As it is generally suggested try avoiding direct heat and direct sunlight as well as freezing if placed on ice. The insulin is kept away from direct heat and out of direct sunlight. To a large extent, insulin loses some effectiveness when exposed to extreme temperatures. The longer the exposure to extreme temperatures, the less effective the insulin becomes.  This can result in loss of blood glucose control over time.  Under emergency conditions, you might still need to use insulin that has been stored even at higher temperatures. You should try to keep insulin as cool as possible. If you are using ice, avoid freezing the insulin.  Remember not to use insulin that has been frozen.  When properly stored insulin becomes available again, the insulin vials that have been exposed to these extreme conditions should be discarded and replaced as soon as possible. Additionally, insulin contained in the infusion set of a pump device like reservoir, tubing, catheters should be discarded after 48 hours.

Switching between Insulin Products in an Emergency

Although a physician’s close medical supervision is an important aspect along with monitoring of blood glucose levels when switching insulin products. However, if medical supervision is not possible under emergency conditions, the following recommendations may be considered: 
  • Make sure to closely monitor your blood glucose and seek medical attention as soon as possible
  • One brand of regular insulin can be substituted for another brand of regular insulin and same for rapid-acting insulin on a unit-per-unit basis in emergency conditions
  • Regular insulins should be injected approximately 30 minutes before the start of each meal. Whereas, rapid-acting insulins begin working much speedily than regular insulin and hence are to be injected 15 minutes before the start of each meal to avoid dangerously low blood glucose levels 
  • One intermediate-acting insulin product may be substituted for another intermediate-acting insulin product on a unit-per-unit basis in emergency conditions. Likewise, these intermediate insulins may also be substituted for long-acting insulins on a total unit-per-day basis, in an emergency condition. 
  • Prominently, when switching from a once a day long-acting insulin to an intermediate-acting insulin; the dose of the once a day long-acting insulin should be cut in half and given as two injections of intermediate acting insulin, one in the morning with breakfast and one in the evening with dinner to avoid dangerously low blood glucose levels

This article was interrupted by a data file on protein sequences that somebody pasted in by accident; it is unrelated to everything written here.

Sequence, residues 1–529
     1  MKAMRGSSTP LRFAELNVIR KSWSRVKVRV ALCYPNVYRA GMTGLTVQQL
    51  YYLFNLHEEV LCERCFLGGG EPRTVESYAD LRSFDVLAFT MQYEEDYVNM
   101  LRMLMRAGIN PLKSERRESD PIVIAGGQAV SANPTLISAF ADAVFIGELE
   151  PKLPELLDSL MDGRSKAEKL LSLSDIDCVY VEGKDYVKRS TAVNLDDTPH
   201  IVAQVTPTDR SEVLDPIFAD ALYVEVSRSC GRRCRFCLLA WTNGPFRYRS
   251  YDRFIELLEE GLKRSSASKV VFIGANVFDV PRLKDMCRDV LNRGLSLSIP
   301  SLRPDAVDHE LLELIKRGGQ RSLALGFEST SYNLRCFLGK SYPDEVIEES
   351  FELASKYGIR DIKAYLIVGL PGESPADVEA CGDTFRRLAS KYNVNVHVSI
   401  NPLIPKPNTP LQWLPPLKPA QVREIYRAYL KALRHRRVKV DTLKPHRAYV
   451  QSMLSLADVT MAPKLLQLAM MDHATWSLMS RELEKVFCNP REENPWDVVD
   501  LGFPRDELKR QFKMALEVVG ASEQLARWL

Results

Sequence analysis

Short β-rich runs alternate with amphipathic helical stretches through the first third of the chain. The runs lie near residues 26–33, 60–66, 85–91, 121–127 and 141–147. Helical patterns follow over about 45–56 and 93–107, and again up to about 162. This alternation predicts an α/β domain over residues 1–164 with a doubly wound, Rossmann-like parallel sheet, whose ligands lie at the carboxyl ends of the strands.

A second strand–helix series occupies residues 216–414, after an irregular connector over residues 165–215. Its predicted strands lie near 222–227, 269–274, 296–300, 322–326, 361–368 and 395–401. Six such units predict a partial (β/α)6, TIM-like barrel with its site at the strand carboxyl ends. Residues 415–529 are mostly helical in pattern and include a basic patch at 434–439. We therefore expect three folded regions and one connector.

• When switching from an intermediate-acting to a once a day long-acting insulin, add up the total amount of intermediate-acting insulin units for one day, and give it as a single long-acting insulin dose once a day 
  • Patients should check and be aware of the instructions for use of the pump device to see if available insulins are compatible with their devices 
  • Patients using insulin pumps who must switch to injected insulin may substitute intermediate or long-acting insulin for the total “basal” dose infused over 24-hours on a unit-per-unit basis in emergency conditions.

Blood Glucose Meters and Hurricane Disasters
Heat and humidity can damage blood glucose meters and test strips. If you use a blood glucose meter, check the meter and test strip package insert for information on use during unusual heat and humidity.

Diabetes Preparedness List

Safely store following to prepare yourself in disasters: 
  • Extra copies of medical prescription
  • Insulin/ Insulin pumps or injections including any counter medicines
  • Alcohol swabs
  • Cotton balls and tissues
  • Blood sugar level meter
  • Strips for your meter
  • Glucose/ Glucose tablets/ Orange juice etc. which can provide quick carbohydrate
  • Longer lasting carbohydrate sources like cheese and crackers
  • Container with cap to dispose used syringes

Quick Health Advice
  • Wash your hands to avoid illness or infection especially when testing your blood glucose or treating a wound
  • Keep safe drinking water after disaster as a diabetic you may need more fluids
  • Keep a first aid kit for emergency wound care and foot care
  • Being sick and raise your blood sugar levels hence avoid catching cold/ flu 

Call us for any further query on how to effectively manage diabetes and prepare yourself in such natural disasters.

Best regards,
Dr. MS Singhal
Singhal Diabetic Clinic, Haridwar